Submitted to: Bioresource Technology
Publication Type: Peer Reviewed Journal
Publication Acceptance Date: June 10, 2006
Publication Date: August 24, 2006
Citation: Wilkins, M.R., Widmer, W.W., Grohmann, K., Cameron, R.G. 2006. Hydrolysis of grapefruit peel waste with cellulase and pectinase enzymes. Bioresource Technology. 98:1596-1601. Interpretive Summary: Grapefruit juice processors generated approximately 500,000 tons of grapefruit peel waste in 2003/04. Most of this waste was dried and fed to cattle at a loss for the processors. Grapefruit peel waste can be broken down with pectinase and cellulase enzymes to sugars that can be used to make ethanol, a renewable fuel that can be added to gasoline. This study tested several different enzyme loadings and pH levels to determine which were best for producing sugars. Loadings of five mg pectinase protein/g peel solids and one mg cellulase protein/g peel solids produced the most sugars. Optimum pH for hydrolysis was pH 4.8. Less ethanol can be potentially produced from grapefruit peel waste than from Valencia orange peel waste because grapefruit peel waste has greater moisture content.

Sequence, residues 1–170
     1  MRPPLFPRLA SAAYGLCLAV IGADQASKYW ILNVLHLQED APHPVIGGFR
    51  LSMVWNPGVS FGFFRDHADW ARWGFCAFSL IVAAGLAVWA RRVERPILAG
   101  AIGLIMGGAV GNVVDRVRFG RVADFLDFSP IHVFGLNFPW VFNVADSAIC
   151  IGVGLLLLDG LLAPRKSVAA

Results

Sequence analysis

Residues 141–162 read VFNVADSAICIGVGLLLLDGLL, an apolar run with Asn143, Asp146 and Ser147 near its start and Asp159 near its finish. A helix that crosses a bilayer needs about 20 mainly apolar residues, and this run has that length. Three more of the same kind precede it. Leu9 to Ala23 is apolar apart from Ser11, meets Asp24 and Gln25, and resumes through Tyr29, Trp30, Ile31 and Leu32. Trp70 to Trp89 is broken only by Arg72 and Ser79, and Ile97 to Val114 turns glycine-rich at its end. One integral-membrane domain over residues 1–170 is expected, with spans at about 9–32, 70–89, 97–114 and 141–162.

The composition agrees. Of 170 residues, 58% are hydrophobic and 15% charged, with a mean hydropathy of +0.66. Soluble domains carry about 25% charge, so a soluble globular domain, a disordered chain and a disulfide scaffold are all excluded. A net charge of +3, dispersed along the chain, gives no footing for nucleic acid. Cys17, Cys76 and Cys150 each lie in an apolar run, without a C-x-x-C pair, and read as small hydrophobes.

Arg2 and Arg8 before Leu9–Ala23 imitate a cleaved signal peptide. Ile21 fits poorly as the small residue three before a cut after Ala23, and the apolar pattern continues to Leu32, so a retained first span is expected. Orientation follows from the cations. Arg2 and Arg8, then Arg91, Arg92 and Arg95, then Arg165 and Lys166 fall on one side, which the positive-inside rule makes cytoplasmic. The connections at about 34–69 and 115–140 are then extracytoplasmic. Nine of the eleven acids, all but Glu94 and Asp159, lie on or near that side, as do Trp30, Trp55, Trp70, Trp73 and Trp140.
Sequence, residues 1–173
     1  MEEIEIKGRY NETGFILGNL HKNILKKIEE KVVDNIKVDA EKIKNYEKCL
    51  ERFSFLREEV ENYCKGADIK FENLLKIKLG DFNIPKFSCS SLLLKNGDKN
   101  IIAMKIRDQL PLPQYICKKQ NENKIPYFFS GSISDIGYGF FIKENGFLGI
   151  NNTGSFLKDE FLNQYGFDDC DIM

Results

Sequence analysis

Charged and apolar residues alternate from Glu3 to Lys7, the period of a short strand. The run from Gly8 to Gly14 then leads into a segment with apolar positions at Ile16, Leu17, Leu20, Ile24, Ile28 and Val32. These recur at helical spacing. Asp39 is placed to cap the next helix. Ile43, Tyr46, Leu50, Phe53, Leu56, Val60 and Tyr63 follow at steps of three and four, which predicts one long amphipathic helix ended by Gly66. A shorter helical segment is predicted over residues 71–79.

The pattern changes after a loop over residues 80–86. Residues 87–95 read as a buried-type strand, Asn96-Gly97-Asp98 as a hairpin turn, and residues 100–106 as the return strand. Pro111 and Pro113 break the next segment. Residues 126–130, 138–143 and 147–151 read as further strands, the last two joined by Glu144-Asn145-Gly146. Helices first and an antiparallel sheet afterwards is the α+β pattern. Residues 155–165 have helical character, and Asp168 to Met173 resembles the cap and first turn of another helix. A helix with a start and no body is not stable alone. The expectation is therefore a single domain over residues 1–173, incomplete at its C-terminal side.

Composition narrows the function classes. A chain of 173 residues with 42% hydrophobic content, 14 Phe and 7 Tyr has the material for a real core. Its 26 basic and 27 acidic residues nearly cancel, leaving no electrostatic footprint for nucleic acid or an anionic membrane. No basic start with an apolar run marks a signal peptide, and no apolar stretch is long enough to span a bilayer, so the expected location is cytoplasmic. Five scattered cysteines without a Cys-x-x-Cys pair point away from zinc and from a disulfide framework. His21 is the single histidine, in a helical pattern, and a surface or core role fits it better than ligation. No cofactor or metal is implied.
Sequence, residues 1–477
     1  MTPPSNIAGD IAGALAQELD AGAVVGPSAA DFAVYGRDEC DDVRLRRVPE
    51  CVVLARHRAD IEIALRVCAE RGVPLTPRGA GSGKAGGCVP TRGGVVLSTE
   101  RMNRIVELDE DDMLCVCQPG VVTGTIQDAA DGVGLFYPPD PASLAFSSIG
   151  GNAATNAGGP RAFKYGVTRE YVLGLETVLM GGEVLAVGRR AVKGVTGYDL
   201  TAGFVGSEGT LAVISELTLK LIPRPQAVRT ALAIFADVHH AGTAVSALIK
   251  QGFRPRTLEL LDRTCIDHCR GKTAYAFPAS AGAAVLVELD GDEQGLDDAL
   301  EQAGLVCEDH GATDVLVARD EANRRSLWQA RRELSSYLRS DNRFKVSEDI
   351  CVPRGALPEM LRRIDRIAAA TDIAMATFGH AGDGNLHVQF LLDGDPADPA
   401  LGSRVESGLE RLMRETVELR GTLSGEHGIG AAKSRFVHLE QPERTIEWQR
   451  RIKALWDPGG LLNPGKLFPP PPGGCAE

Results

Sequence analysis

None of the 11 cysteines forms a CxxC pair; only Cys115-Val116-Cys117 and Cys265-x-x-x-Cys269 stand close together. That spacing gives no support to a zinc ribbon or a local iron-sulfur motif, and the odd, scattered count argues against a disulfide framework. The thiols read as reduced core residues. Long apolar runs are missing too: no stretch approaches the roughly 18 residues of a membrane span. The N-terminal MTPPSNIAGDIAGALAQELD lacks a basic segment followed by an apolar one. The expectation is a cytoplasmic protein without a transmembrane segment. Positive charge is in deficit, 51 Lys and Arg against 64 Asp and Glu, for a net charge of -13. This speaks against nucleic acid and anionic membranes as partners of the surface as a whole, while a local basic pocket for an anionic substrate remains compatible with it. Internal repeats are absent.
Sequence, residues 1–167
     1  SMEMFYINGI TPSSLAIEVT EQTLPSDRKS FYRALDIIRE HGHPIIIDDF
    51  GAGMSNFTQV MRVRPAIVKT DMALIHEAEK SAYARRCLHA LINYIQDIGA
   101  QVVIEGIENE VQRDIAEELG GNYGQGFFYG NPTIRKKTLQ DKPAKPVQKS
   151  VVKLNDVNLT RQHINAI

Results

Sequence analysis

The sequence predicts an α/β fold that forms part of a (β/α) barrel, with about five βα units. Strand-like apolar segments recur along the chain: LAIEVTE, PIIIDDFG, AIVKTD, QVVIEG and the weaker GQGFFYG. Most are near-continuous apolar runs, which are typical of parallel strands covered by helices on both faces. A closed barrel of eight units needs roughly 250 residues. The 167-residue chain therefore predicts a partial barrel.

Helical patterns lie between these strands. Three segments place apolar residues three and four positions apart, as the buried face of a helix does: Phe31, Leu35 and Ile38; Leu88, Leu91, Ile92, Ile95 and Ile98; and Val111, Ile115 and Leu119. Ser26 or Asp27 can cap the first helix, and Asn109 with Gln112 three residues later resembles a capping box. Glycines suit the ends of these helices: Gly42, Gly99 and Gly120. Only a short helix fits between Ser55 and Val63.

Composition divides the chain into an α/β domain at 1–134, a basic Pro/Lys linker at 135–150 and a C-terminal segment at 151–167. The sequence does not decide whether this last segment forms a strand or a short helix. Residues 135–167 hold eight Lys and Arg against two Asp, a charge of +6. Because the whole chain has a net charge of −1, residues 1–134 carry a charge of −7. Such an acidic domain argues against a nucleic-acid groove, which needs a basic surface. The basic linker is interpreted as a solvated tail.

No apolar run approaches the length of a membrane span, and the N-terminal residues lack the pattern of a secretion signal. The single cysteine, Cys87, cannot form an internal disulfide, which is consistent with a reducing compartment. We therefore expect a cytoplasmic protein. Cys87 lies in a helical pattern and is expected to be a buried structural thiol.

Technical Abstract: Approximately 1 million Mg of grapefruit were processed in 2003/04 resulting in 500 thousand Mg of peel waste. Grapefruit peel waste is usually dried, pelletized, and sold as a low-value cattle feed. This study tested different loadings of commercial cellulase and pectinase enzymes and pH levels to hydrolyze grapefruit peel waste to produce sugars that can be fermented into ethanol and other products. Pectinase and cellulase loadings of zero, one, two, five, and ten mg protein/g peel dry matter were tested. Temperature was maintained at 45 °C. Hydrolyses were supplemented with 2.1 mg beta-glucosidase protein/g peel dry matter to hydrolyze cellobiose. Five mg pectinase/g peel dry matter and two mg cellulase/g peel dry matter were the lowest loadings to yield the highest levels of glucose. Optimum pH was pH 4.8.